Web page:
Over the years, I've tried my share of novel tricks for outsmarting risotto—like oven-baking, and what I can only call carbonara-ifying—and always wandered back to something akin to the traditional method of ladling and stirring, ladling and stirring.
Even though the very ethos of Genius Recipes is to question the cooking rules we’ve been taught—why truss our chickens if we don’t need to? why simmer tomato sauce all day?—I’ve never fallen for any risotto technique that bucked tradition*, though I’ve certainly tried. Maybe it's because following tradition here isn’t that much of a burden (what's an active 30 minutes, anyway?)—and it’s actually pretty fun, in that witch-over-a-bubbling-cauldron sort of way.
So when former Food52 editor and Genius-sniffer-outer Sarah Jampel sent me this risotto from Judy Rodgers, the late chef and driving force behind San Francisco’s Zuni Café, I was game to give it a go like any other, but didn't expect it to change my routine. Instead of the usual sautéed mushrooms or peas, the recipe called for chunks of fresh grapefruit and lime that dissolve into colorful flecks. Huh! Well, okay! But as I kept reading, that wasn’t nearly the most shocking part.
Firstly, in The Zuni Cafe Cookbook’s section on risotto, Rodgers wrote that, for years, she had added just-simmering stock to hers, as tradition would dictate. “Then, after I casually made a fine risotto using room temperature stock, I started experimenting with cold, warm, and hot stock and found I could make a creamy risotto with any one.”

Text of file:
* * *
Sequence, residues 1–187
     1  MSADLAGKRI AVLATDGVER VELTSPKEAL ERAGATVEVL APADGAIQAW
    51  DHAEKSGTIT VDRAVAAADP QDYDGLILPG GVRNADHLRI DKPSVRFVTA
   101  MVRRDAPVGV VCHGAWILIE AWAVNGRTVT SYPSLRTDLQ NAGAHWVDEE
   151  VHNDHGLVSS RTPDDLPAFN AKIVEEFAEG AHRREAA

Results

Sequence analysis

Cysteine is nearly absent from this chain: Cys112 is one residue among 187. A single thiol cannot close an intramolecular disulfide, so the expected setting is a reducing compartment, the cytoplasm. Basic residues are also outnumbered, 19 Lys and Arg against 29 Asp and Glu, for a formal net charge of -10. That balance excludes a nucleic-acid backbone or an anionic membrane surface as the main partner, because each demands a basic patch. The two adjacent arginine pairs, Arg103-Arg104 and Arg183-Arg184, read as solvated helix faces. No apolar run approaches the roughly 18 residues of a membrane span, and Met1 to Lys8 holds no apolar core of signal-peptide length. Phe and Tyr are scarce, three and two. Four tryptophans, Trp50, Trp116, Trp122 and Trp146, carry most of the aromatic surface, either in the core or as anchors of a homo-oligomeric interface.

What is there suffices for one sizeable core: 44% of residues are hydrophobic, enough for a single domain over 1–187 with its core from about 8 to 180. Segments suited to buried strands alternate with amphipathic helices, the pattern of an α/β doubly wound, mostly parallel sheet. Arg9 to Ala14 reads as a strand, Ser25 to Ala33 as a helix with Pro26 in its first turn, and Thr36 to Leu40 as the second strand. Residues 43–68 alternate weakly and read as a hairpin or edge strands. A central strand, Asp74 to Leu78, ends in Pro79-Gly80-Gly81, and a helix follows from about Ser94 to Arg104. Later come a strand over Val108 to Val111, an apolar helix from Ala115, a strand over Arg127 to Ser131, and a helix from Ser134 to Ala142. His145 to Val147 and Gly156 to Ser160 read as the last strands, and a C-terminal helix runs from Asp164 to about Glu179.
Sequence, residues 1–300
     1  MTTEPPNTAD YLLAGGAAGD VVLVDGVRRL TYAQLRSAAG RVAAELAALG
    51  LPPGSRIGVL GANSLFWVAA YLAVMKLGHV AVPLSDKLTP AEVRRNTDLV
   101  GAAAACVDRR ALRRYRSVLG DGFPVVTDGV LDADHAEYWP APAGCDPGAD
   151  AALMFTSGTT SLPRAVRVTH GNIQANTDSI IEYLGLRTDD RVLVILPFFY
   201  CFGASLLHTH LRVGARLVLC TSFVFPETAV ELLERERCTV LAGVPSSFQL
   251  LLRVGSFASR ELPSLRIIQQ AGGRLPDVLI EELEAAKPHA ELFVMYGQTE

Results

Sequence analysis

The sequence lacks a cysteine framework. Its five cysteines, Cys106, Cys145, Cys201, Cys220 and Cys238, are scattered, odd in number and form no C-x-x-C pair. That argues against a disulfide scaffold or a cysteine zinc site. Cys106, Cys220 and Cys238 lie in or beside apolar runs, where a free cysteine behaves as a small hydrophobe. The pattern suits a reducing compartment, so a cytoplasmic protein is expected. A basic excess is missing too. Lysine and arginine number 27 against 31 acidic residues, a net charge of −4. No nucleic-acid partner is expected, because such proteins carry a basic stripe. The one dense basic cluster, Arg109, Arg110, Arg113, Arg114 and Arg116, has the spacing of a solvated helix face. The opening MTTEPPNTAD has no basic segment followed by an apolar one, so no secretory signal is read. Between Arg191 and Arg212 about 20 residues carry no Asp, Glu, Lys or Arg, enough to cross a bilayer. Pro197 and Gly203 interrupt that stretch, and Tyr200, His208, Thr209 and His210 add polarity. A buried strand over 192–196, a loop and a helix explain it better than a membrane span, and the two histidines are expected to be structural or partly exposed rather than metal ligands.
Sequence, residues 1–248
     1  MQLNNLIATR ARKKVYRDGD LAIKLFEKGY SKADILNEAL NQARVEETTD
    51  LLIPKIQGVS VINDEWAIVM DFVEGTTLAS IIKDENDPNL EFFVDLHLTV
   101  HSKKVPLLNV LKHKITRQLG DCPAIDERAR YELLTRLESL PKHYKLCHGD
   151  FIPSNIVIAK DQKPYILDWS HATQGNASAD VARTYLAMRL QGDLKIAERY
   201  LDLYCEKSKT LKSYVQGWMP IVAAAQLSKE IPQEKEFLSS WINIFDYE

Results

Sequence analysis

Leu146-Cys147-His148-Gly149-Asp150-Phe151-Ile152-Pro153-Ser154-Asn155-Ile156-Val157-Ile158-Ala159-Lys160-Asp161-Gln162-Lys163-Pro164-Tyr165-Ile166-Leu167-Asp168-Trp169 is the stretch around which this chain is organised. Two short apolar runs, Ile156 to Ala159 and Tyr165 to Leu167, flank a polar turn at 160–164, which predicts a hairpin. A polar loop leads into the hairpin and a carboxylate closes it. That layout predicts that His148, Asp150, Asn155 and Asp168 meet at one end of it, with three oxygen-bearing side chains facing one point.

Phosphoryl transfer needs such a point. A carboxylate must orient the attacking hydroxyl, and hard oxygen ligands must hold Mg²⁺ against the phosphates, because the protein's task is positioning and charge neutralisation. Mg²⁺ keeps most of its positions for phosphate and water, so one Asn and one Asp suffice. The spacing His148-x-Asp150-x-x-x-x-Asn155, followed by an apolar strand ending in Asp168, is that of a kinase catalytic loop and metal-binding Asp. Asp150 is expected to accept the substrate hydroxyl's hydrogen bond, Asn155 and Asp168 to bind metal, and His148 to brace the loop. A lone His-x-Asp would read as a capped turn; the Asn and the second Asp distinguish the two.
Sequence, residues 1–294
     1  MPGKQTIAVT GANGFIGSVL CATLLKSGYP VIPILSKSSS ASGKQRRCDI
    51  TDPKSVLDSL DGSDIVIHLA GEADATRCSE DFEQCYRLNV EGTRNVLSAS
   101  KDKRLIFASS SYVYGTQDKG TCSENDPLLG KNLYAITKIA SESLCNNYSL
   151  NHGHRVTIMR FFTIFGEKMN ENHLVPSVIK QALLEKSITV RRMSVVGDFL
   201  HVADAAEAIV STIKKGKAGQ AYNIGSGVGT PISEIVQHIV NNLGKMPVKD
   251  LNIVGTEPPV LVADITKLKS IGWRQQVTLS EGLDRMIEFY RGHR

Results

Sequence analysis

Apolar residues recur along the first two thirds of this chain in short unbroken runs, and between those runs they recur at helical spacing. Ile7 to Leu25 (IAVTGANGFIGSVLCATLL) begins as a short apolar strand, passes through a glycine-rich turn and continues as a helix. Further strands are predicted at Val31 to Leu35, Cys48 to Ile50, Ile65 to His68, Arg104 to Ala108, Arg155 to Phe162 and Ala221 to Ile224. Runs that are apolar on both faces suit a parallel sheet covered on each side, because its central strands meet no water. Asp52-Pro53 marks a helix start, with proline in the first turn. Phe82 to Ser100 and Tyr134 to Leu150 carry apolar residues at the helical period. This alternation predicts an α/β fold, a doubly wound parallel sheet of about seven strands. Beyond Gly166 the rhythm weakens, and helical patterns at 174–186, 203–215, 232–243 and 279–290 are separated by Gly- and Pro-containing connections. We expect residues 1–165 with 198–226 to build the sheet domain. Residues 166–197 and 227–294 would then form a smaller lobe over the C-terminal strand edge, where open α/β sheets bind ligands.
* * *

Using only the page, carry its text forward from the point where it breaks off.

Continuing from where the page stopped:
So there goes one rule. This means from now on, in perpetuity, you can grab any stock out of your fridge or pantry and get your risotto going right away, without waiting for a pot to simmer, saving yourself burner space and a pan to wash. Your dinner can be truly one-pot, without any compromise. “This convenient heresy alarms even longtime cooks at Zuni,” she continued, “but it has not failed me.”
Unlike traditional teachings, Rodgers also wasn’t concerned about how frequently you add more stock, or how much it absorbs along the way, as long as the grains don’t completely dry out. “It is only the final doses that require thoughtful judgment, to make sure you don’t add more stock than an al dente grain needs.”
Rodgers was a methodical chef and recipe developer, who famously taught us the benefits of salting our ingredients, then sticking them in the fridge to wait hours or days until they’re the best versions of themselves. She helmed one legendary restaurant for 26 years and wrote just one book, a thoughtful, 500-plus-page opus containing innumerable lessons on deeply-considered cooking. She doesn’t strike me as a sucker for time-saving hacks. I've been making risotto her streamlined way ever since and it hasn't failed me yet, either.
Perhaps I should have heard these rules debunked long ago, but why do so many recipes and technique videos continue to call for hot stock to be added bit by little bit—maybe it’s because we secretly like doing it? Or because we like to test our fellow cooks’ commitment levels? Or because enough recipe writers just haven’t questioned what they’d been taught. We can’t question everything, after all. But I’m glad that someone did.
- 1 to 2 medium grapefruit, to yield 3/4 cup sections (about 16 small sections) plus juice
- 1 lime, to yield a scant 1/4 cup sections (about 8 sections)
- 2 tablespoons unsalted butter
- 1/2 cup finely diced yellow onion (2 ounces)
- 2 cups Carnaroli or Arborio rice
- 4 to 5 cups chicken stock
- 1/4 cup mascarpone
*Except that one time, with the sunflower seeds. But that was just good fun!
Photos by Julia Gartland
Got a genius recipe to share—from a classic cookbook, an online source, or anywhere, really? Please send it my way (and tell me what's so smart about it) at [email protected]—thank you to the one and only Sarah Jampel for this one!